It controls our oceans. It lights the night sky. Wolves howl at it. Ozzy Osbourne barks at it. And man is amazed by it. What is this I speak of? The moon if course! But where did it come from? There are a few different theories behind the origin of our closest celestial body.
The Fission Theory:
This theory states that the moon was originally a part of the Earth. Early in the Earth’s formation a rapid spin cast of parts of the crust and mantle into space eventually forming into the moon we know now. The only problem with this theory is that there is no fossil evidence to support the fact that Earth ever had a rapid spin such as this.
This theory states that the moon was formed somewhere else in the solar system. The moon travelled too close to the Earth and got caught in it’s gravitational pull. Unfortunately, to get into the present day orbit it would have to have been slowed down just the right amount at just the right time which scientist agree would have been too improbable.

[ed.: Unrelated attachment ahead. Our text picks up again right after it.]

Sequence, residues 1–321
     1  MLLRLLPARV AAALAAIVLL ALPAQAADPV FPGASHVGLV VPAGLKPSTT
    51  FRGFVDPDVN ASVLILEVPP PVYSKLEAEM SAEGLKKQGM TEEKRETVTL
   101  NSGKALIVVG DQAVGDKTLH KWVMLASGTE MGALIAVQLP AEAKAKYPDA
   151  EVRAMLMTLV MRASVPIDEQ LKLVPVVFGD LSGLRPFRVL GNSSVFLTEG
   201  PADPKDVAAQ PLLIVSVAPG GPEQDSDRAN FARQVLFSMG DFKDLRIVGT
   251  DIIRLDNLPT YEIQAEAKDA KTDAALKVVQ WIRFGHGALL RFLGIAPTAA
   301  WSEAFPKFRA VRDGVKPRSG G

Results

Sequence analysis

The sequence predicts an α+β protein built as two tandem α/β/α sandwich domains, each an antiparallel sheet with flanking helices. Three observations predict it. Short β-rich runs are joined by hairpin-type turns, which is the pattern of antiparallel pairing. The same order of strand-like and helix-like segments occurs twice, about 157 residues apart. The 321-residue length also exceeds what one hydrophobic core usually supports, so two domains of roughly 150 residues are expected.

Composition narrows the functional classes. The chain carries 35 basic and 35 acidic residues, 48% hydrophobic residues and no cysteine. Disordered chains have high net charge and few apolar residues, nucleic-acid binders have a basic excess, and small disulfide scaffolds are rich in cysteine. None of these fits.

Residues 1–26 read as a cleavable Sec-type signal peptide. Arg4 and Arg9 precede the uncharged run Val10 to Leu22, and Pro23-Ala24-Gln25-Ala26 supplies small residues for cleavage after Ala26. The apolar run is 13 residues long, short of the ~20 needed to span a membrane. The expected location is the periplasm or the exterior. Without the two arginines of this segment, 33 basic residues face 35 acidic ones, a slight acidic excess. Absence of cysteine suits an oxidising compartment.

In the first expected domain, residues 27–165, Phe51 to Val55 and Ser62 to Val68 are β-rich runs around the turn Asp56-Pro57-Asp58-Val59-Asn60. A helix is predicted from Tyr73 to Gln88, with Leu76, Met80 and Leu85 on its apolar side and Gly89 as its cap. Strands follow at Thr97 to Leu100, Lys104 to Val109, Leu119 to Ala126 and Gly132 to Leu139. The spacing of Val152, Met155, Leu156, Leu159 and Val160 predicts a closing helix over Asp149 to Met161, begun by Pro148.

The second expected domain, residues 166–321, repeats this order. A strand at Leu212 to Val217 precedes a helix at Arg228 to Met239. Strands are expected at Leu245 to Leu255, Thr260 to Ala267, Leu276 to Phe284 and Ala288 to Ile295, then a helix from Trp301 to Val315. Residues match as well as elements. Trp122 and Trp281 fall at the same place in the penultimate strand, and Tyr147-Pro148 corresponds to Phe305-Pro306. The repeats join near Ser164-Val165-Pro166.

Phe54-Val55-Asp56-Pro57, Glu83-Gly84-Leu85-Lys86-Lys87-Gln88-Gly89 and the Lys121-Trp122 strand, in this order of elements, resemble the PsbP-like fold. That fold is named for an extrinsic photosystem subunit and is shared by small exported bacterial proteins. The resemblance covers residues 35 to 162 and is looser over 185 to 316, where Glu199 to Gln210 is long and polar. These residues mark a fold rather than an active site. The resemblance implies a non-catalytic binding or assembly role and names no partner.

This is one of the simplest theories which states that the Earth and the moon formed at the same time and entered into the orbit of today. If they had however, the moon would have an iron core like the Earth’s, but it doesn’t.
Giant Impactor Theory:
The most widely accepted theory, this one states that early in Earth’s history, an object about the size of Mars struck the planet with the power of one hundred million times that of the comet that killed the dinosaurs. This launched superheated materials into orbit which coalesced into the moon of today. This is so well believed because there is more supporting evidence for this theory than the others.
However, it wasn’t always this way. In the 1970’s scientists proposed this theory saying that the impact of such a large body would give Earth a rapid initial spin that would have ejected enough material into space to create the moon. For almost ten years, most scientists didn’t believe this theory. In 1984, a conference was held comparing the feasibility of the moon creation theories that existed with the Giant Impactor Theory rising as the dominant theory. Models were used to show early planet formation and proved that planetesimal collisions were actually very common in the early stages of the universe.
Unfortunately, these theories are far from fact and it is unknown if we will ever find out how the moon was created. We speculate, and so far the Giant Impactor Theory makes the most sense. Maybe one day…